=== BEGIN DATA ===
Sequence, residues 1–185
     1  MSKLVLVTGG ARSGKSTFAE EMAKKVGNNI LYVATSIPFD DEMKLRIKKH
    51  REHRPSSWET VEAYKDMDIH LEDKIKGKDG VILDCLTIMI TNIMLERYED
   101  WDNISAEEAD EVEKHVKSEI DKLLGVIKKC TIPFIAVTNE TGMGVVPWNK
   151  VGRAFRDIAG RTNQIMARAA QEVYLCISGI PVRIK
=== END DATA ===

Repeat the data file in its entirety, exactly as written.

Sequence, residues 1–185
     1  MSKLVLVTGG ARSGKSTFAE EMAKKVGNNI LYVATSIPFD DEMKLRIKKH
    51  REHRPSSWET VEAYKDMDIH LEDKIKGKDG VILDCLTIMI TNIMLERYED
   101  WDNISAEEAD EVEKHVKSEI DKLLGVIKKC TIPFIAVTNE TGMGVVPWNK
   151  VGRAFRDIAG RTNQIMARAA QEVYLCISGI PVRIK